FRANKFURT (Reuters) - Deutsche Boerse’s (DB1Gn.DE) expansion plans in Asia have been moved to a side track as the German exchange operator focuses on its $27 billion merger with the London Stock Exchange (LSE.L), three sources familiar with the situation said.
China’s foreign exchange trading operator CFETS and Deutsche Boerse signed an agreement last October to establish a 50-50 joint venture in Germany to connect their markets and spur product innovation. The plan was to launch the JV this year but this has now been delayed, the people said.
“The project is on ice for now,” one of the people told Reuters. “The Chinese side wants to wait to see if and how the merger with the LSE moves ahead.”
Deutsche Boerse said the project was continuing. The China Foreign Exchange Trade System, a unit of China’s central bank, said: “We have not received information that the other side plans to delay.”
Last year’s agreement was signed in Beijing at a ceremony attended by German Chancellor Angela Merkel and China’s Premier Li Keqiang and was a key part of Deutsche Boerse’s plan to develop business with Asia.
Among other things, the JV was aimed at offering renminbi-denominated interest rate and exchange rate products outside mainland China, but the execution of the plans was also very complex, the people said, adding that a fresh start date could be unveiled in the fourth quarter.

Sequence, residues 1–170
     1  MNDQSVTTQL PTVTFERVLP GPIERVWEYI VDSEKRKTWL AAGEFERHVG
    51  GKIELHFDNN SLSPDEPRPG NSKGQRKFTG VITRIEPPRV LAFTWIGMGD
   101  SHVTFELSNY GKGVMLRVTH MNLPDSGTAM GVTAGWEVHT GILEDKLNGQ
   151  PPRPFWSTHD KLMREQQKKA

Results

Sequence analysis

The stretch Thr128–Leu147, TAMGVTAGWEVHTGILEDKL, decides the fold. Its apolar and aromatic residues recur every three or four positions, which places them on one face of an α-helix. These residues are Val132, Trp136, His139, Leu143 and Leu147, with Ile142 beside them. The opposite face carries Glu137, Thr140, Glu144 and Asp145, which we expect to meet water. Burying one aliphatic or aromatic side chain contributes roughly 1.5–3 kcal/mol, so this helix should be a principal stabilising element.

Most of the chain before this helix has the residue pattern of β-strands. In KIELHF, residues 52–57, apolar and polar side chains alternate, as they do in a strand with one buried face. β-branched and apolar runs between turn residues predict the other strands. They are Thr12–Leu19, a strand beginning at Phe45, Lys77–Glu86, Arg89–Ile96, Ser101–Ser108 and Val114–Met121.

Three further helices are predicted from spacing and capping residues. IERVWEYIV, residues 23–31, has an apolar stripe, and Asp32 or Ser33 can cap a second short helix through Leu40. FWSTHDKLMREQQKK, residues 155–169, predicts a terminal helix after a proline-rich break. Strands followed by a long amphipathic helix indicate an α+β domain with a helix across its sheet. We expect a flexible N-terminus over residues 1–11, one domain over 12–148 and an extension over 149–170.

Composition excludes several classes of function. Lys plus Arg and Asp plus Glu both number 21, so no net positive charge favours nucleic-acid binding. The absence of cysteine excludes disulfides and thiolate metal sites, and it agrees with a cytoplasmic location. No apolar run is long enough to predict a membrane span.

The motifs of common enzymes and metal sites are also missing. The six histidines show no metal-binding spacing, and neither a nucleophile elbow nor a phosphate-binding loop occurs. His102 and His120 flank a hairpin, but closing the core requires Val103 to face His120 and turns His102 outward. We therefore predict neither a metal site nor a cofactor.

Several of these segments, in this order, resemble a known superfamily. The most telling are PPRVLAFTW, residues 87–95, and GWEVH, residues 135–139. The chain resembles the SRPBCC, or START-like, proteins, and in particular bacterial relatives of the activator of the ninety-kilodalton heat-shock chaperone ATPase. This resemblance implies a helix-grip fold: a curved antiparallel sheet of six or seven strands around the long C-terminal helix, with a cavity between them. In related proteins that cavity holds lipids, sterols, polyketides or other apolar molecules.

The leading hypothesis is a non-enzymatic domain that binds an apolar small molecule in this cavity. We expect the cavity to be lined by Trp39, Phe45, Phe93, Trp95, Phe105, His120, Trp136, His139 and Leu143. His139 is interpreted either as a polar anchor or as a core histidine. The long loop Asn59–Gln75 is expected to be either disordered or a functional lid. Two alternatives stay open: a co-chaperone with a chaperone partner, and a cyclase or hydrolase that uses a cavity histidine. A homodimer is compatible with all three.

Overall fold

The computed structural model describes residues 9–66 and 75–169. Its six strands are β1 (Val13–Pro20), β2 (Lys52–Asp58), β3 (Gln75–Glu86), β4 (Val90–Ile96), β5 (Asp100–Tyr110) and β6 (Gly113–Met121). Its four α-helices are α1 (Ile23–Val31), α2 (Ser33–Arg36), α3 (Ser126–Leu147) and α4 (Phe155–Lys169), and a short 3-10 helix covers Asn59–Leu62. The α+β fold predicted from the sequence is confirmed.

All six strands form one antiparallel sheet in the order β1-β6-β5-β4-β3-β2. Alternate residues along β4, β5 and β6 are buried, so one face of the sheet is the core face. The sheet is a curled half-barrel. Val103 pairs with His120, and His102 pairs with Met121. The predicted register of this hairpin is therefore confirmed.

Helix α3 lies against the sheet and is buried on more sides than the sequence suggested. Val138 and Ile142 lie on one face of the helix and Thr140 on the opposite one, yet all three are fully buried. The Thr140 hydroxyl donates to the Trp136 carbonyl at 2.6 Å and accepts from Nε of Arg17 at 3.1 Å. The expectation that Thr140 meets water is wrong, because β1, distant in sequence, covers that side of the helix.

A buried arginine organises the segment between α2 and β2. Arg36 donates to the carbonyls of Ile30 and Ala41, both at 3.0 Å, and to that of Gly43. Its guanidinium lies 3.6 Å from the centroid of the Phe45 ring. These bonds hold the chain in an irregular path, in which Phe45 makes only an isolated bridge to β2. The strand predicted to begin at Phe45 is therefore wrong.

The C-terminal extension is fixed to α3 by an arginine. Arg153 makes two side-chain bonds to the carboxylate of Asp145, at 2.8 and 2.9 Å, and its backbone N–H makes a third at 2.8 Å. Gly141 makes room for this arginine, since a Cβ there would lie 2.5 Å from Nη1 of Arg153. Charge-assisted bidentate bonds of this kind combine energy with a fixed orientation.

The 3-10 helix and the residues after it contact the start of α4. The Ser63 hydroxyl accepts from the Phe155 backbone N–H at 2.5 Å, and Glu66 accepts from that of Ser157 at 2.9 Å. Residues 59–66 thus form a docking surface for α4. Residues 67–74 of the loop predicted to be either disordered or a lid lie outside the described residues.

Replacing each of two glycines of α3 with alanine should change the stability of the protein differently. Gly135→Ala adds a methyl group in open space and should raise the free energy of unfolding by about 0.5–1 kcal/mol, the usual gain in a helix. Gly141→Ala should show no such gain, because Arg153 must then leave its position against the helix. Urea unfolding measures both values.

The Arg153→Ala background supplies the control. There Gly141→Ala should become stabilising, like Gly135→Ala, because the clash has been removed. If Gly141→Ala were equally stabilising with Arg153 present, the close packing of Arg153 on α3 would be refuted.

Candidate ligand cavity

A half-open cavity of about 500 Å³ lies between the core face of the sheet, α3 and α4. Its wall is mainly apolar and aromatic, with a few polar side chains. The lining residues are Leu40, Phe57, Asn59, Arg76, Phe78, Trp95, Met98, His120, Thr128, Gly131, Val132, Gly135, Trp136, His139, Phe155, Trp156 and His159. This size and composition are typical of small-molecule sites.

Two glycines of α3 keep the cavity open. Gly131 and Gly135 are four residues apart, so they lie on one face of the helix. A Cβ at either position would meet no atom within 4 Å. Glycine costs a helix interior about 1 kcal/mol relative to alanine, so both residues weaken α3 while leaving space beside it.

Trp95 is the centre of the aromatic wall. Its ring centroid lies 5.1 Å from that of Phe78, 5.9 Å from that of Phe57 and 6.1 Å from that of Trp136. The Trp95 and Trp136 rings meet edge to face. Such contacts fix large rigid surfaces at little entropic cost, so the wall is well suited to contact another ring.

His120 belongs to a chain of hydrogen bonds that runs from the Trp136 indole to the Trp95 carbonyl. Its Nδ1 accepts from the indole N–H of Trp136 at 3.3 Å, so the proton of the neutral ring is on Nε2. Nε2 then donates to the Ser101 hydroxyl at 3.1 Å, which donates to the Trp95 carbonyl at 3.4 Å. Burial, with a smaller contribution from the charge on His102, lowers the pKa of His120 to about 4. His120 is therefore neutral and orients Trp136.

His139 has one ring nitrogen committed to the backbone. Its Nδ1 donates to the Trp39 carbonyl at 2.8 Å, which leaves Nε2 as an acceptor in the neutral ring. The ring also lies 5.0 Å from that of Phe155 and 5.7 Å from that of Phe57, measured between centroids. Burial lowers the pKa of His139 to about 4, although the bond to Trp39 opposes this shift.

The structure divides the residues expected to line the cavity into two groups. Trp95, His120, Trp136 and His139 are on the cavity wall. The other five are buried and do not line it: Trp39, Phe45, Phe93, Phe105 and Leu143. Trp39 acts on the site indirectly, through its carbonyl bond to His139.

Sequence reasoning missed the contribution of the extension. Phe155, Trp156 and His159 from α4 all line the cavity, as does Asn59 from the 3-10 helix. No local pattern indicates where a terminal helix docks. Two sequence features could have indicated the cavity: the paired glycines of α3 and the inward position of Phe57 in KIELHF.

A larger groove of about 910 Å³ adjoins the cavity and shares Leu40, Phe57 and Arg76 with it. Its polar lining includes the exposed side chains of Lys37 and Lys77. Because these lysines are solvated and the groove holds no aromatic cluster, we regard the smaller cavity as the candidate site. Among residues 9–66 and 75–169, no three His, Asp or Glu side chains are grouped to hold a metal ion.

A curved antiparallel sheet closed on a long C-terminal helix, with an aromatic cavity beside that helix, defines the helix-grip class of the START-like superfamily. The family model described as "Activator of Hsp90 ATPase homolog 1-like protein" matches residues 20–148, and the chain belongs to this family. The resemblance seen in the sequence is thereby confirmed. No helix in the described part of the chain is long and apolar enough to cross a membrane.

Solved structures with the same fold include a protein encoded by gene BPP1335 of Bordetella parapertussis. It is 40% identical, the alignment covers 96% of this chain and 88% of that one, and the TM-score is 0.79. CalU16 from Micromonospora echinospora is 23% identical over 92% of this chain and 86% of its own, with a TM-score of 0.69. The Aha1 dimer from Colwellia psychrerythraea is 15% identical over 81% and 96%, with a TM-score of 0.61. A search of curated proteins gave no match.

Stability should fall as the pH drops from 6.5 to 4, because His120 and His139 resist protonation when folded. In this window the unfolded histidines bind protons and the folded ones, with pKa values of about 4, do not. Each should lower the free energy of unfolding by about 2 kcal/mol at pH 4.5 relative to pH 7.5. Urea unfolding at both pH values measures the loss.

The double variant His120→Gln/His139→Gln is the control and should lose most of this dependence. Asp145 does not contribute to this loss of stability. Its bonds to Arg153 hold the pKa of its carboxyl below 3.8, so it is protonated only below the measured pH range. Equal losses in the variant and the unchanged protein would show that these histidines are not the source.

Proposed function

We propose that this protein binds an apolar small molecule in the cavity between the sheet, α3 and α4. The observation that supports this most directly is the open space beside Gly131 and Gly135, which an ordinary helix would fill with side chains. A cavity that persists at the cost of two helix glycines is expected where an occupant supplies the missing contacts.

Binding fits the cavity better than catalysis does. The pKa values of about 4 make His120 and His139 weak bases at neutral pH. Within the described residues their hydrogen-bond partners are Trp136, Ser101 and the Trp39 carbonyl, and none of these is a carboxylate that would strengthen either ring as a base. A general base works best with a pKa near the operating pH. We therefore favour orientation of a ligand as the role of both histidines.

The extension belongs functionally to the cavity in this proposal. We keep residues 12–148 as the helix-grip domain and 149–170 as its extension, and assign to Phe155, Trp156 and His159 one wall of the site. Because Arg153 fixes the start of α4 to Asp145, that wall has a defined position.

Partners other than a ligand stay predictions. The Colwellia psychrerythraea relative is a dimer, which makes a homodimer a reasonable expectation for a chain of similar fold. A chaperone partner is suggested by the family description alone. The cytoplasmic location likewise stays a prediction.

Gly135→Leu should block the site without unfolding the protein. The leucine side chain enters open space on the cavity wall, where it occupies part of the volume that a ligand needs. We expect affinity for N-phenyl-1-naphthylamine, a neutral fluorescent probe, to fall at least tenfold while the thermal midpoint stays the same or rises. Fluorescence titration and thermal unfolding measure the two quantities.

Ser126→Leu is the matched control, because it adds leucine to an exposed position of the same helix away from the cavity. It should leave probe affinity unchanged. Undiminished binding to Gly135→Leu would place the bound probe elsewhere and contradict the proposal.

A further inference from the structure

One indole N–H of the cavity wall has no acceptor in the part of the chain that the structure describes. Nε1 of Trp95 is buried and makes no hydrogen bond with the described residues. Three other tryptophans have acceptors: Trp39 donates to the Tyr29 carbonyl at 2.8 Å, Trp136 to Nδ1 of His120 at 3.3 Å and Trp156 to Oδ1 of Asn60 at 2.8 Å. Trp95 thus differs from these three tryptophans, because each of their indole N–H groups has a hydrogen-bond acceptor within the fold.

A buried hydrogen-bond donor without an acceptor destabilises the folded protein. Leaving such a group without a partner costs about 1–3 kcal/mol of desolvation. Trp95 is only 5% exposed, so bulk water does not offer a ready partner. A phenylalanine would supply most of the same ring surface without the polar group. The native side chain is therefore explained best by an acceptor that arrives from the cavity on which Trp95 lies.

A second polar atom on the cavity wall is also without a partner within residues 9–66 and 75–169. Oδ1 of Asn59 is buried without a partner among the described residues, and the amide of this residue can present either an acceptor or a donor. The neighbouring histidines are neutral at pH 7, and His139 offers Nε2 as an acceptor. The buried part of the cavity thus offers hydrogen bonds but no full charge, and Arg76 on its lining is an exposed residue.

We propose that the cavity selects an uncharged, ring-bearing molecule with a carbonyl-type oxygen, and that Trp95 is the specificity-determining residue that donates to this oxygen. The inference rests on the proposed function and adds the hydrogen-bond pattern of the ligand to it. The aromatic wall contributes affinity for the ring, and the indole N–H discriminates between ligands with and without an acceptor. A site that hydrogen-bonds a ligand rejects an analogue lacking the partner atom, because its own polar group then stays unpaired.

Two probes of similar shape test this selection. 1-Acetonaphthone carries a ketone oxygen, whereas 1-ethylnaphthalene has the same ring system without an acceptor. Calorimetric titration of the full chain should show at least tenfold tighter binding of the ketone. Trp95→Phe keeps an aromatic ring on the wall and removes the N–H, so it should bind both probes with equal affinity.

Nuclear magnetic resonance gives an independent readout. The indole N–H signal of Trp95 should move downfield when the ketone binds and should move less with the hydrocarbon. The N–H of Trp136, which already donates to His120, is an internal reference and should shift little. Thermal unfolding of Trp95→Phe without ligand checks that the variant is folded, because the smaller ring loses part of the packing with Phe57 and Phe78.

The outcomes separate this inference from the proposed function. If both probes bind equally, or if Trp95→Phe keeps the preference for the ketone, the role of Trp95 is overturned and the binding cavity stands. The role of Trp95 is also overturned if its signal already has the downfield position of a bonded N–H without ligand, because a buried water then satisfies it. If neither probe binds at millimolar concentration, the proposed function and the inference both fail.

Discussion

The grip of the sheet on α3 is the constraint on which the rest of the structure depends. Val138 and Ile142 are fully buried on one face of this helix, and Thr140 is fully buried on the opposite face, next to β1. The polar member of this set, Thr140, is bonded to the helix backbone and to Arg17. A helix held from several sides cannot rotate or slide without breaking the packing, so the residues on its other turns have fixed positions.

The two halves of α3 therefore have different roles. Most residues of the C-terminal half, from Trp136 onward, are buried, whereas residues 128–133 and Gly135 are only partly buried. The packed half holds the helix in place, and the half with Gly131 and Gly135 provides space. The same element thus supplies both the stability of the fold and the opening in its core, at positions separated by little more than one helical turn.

The German exchange operator has already faced a setback in its plans to establish its Eurex Asia derivatives exchange and clearing house, which last year was put off until 2017 because of financial market turbulence and software problems.
The Eurex Asia timetable has also moved further down the priority list as the LSE merger takes precedence, one of the sources said.
European Commission competition authorities are expected to give their first assessment of the Deutsche Boerse-LSE merger on Wednesday or Thursday. Deutsche Boerse has already said it expects regulators to say they will need several more months for an in-depth review of competitive implications of the merger.
Additional reporting by Yiming Shen in Shanghai; Editing by Georgina Prodhan and Jane Merriman